PAUL, exhausted, panting, lying there, trying to gather his energy. He starts to crawl for the door. Just as he reaches the doorjamb, an arm grabs his leg, and CUT TO PAUL, shrieking, and CUT TO ANNIE, pulling herself up his body and CUT TO PAUL, trying to buck her off, but he can't and CUT TO ANNIE, the stronger, relentless, moving up on him, and CUT TO PAUL, his grip broken as he turns and CUT TO ANNIE, all-powerful, looming over him and CUT TO PAUL, hitting up at her and CUT TO ANNIE, swelling, and the blood pours down and if she feels his blows she doesn't show it and CUT TO PAUL, whatever energy he has left he uses now, trying to twist and strike and as his body moves -CUT TO A METAL BASED FLOOR LAMP and CUT TO PAUL, grabbing the thing, suddenly bringing it across his body, clobbering Annie in the face and CUT TO ANNIE, startled by the power of the blow and for a moment she is stopped and CUT TO

PAUL, as with everything he has left, he crunches her forehead with the sharp heavy metal base, just creams her as the air is forced out of her -CUT TO ANNIE. Her eyes roll up into her head. For a moment all we see are the whites --- then she collapses on PAUL, a motionless mountain of slack flesh. CUT TO PAUL, scrambling free, pushing her off him, crawling for the doorCUT TO -- outside the door, as PAUL crawls into view, makes it to the corridorr, reaches back, closes the door, locks it. Safe, he collapses, exhausted against the wall opposite the door. DISSOLVE TO PAUL. HOURS LATER. It is dawn. He is awakened by a loud smashing at the front door. After a couple of heart-stopping pounds, CUT TO THE FRONT DOOR smashes open, revealing two cops with guns drawn. THE POLICEMEN, hurrying to PAUL. The YOUNGER COP kneels beside Paul. YOUNGER COP It's the writer -- the dead one -PAUL (trying to keep himself together) -- right! I'm the dead one -OLDER COP Where's Sheriff McCain? PAUL He's in the cellar. She killed him. OLDER COP Annie Wilkes? PAUL Yeah. She's in there. CUT TO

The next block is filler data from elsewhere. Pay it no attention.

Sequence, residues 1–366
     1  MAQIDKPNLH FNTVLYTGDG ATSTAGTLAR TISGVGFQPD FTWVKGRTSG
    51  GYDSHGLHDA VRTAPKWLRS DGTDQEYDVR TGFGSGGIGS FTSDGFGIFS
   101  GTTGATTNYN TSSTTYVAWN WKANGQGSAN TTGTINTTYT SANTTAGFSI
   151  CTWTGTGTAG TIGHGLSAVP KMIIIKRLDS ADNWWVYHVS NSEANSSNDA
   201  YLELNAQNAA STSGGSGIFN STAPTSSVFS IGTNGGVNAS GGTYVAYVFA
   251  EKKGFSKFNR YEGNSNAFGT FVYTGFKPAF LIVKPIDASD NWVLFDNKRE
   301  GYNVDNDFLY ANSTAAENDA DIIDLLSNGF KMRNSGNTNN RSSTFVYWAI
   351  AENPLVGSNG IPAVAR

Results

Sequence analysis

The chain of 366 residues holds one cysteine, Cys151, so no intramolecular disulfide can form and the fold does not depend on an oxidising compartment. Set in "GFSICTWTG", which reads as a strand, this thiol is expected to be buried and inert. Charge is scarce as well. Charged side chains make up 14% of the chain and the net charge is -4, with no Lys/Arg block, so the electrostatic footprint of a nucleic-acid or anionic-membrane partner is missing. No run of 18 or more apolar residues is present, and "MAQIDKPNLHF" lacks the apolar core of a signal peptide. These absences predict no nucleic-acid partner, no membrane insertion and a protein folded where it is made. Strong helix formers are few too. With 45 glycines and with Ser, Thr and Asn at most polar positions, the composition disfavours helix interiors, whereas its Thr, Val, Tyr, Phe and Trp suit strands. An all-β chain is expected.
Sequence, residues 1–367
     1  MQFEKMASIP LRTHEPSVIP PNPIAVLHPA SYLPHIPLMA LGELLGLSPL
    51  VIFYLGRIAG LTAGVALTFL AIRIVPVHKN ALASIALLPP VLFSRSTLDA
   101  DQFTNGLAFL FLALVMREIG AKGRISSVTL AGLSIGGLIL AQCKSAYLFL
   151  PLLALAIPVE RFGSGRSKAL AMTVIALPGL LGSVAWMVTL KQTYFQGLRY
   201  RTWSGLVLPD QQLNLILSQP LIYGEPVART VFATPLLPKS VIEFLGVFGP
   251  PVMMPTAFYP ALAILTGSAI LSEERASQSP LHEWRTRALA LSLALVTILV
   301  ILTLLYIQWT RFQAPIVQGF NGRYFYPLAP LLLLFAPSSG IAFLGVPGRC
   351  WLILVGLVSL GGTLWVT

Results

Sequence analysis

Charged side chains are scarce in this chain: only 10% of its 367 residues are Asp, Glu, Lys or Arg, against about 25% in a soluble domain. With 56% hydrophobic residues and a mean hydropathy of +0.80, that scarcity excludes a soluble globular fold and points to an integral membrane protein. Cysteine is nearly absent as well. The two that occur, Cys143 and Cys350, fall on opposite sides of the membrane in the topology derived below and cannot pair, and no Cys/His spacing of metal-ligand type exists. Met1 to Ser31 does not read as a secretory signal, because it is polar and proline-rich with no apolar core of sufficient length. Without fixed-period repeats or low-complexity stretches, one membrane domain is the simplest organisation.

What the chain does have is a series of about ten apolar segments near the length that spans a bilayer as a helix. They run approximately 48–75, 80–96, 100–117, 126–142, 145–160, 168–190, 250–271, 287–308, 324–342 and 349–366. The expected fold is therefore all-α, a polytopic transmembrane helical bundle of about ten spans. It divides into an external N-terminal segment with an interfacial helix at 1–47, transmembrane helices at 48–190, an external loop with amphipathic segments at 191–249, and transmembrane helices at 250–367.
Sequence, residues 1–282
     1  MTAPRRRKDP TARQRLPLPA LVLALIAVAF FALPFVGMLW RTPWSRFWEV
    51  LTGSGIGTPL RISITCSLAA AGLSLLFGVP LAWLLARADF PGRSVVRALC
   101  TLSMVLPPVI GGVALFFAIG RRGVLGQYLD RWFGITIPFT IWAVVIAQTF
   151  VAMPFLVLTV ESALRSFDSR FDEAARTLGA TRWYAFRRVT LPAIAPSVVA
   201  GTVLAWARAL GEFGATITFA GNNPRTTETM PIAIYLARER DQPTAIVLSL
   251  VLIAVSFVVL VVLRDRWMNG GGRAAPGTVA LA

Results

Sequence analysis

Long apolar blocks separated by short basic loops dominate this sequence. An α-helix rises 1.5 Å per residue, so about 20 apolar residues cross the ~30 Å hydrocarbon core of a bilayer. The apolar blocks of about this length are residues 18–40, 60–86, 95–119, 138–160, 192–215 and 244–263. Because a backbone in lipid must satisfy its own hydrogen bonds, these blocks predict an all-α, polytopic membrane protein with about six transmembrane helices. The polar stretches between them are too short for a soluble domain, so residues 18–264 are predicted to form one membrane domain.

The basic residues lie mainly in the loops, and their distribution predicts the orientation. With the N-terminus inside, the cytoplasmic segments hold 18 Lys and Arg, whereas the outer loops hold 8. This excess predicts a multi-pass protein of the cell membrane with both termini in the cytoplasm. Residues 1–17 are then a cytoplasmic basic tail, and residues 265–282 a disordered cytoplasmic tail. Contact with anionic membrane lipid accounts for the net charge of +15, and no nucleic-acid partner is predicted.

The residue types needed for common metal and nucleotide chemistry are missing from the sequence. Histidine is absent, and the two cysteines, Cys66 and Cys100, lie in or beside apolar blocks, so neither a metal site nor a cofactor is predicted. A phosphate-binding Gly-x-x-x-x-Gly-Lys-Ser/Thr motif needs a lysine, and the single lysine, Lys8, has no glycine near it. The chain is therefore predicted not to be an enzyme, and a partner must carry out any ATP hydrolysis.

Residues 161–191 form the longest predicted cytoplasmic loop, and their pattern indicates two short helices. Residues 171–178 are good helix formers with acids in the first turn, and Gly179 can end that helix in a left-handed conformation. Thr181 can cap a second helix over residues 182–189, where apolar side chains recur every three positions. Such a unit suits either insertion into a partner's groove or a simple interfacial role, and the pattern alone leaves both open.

The OLDER COP, taking the key to the room, unlocks the door, throws it open, and as he steps inside -CUT TO INSIDE THE BEDROOM. The OLDER COP has his gun ready to fire, but even with it tight in his hand, he's edgy as hell. He looks around --- glass and bloodstains on the floor. The charred remains of a manuscript. He kneels quickly, glances under the bed -- nothing. He looks at the window -- wide open. CUT TO PAUL and the YOUNGER COP. Pause. The OLDER COP is in the doorway now. OLDER COP Mr. Sheldon? There's no one in there. CUT TO PAUL: CLOSE UP. In shock. DISSOLVE TO PALM COURT, PLAZA HOTEL This legend appears: ONE YEAR LATER MARCIA SINDELL is seated at a table. PAUL enters, walking briskly, and he's never looked this good before. He's gained his weight back, his color is normal again. He appears to be, for the first time in the movie, a jaunty, happy figure. Sorry I'm game went ever told who'd get